He already had the truck door open, the keys in his pocket.

Relief flooded through her. He wasn’t going to leave her alone with her frazzled nerves just yet. They were partners, after all.

“The fog is getting bad again. You might as well stay for dinner.” She tried to make the invitation sound offhand. “No sense risking your neck trying to drive until this stuff lifts a little.”

“You’ve got a deal.”

She waited for him to walk around the front of the car and join her. They went up the front steps together. It was dark now. She paused to sort keys in her palm with the aid of the porch light.

“Here we go.” She let them into the front hall and switched on a lamp.

She caught a glimpse of herself in the mirror when she went to hang up her coat and suppressed a small groan. Not exactly a ravishing sight, she thought. Tendrils of hair had come free of the twist. Behind the lenses of her glasses her eyes had a stark, strained quality, and her cheeks looked hollow. The dark, cable-knit sweater she wore did nothing to brighten the reflection.

Thomas shrugged out of his jacket and came to stand behind her. Their eyes met in the mirror. Unlike her, he looked terrific, she thought. Hard and tough and totally in control. She had to fight an irresistible urge to turn and put her head down on his chest.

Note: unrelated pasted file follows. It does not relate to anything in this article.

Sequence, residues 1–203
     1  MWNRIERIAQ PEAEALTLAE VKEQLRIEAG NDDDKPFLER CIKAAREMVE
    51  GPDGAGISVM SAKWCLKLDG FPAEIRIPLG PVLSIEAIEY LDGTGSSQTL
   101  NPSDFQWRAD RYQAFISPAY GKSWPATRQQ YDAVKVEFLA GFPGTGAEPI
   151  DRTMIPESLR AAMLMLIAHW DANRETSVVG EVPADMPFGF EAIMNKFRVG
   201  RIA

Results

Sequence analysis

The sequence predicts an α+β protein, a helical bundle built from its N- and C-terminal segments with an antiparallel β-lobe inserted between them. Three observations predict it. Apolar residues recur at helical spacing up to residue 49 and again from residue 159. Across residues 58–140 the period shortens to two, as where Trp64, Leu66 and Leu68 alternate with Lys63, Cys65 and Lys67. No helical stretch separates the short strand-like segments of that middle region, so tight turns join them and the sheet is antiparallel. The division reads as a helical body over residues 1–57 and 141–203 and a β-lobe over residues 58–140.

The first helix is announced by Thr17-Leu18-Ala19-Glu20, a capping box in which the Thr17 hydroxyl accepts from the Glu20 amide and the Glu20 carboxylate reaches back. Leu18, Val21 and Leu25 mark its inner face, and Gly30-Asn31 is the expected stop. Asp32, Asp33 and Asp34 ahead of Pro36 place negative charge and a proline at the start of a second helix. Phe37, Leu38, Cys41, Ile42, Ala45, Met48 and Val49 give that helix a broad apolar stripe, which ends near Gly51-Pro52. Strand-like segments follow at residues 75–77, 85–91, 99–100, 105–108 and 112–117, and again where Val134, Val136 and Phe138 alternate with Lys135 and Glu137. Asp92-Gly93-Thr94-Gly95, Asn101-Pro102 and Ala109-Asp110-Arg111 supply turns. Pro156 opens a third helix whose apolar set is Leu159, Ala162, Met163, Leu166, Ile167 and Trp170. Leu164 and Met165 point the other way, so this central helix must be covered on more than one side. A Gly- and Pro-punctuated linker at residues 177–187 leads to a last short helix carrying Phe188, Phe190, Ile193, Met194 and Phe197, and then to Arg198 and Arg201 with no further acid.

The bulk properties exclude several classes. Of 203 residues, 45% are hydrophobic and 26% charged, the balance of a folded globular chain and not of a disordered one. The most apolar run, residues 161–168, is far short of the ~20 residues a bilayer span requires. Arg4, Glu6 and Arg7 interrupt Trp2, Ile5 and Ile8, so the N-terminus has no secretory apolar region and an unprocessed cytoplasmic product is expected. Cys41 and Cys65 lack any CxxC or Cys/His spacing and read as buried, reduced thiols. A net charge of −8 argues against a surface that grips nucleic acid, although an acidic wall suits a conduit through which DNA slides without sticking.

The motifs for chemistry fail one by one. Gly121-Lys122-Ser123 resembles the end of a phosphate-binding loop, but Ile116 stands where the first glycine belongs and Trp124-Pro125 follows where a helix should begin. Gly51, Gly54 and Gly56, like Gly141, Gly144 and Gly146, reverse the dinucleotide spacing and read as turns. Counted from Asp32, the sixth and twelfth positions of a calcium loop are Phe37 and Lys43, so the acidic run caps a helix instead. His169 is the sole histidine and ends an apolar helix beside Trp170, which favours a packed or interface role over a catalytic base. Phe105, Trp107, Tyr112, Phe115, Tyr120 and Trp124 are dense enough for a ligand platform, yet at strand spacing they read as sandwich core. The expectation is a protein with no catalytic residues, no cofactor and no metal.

His hands closed over her shoulders. “Take it easy. You’re just feeling the aftershock of the adrenaline. It’ll fade.”

“I know.”

The weight of his hands was not having the calming, soothing effect he probably intended. Little sparks of excitement were snapping across her nerve endings. Energy hummed through her.

She suddenly wanted to do a lot more than just put her head down on his shoulder. She looked at his mouth in the mirror and wondered what it would be like to kiss him.

Wondered how his mouth would feel on other parts of her body.

Wondered how his big, competent hands would feel on her br**sts.

Her thighs.

Wondered if he was thinking similar thoughts.

Adrenaline. This is all nerves and adrenaline. Get hold of yourself, woman.

“I’ll pour the wine,” she said quickly.

She rushed into the old-fashioned kitchen, opened the cupboard, grabbed a bottle of red and went feverishly to work with a corkscrew.

By the time she got back to the living room Thomas had the fire going.

She handed one of the glasses to him. When he took it from her, his knuckles lightly grazed hers. Another jolt of electricity sparked along her overstimulated nerve endings. She pulled away so fast she nearly dropped her glass.

“You okay?” Thomas asked, sounding concerned now.

“Just a little tense.” She took a healthy swallow of wine and looked around, searching for something mundane and normal. “Did you buy this place furnished?”

“No.” He frowned. “I rented the furniture. What’s the matter? You don’t like it? There wasn’t a lot of choice. The company had three basic packages. I had to pick one.”

“It’s fine. Just fine.” She took another sip of wine. “Some of the pieces are rather large like I said. The bed barely fits.” Oh, damn, what on earth had made her mention a bed? “But the sofa is great. Really.”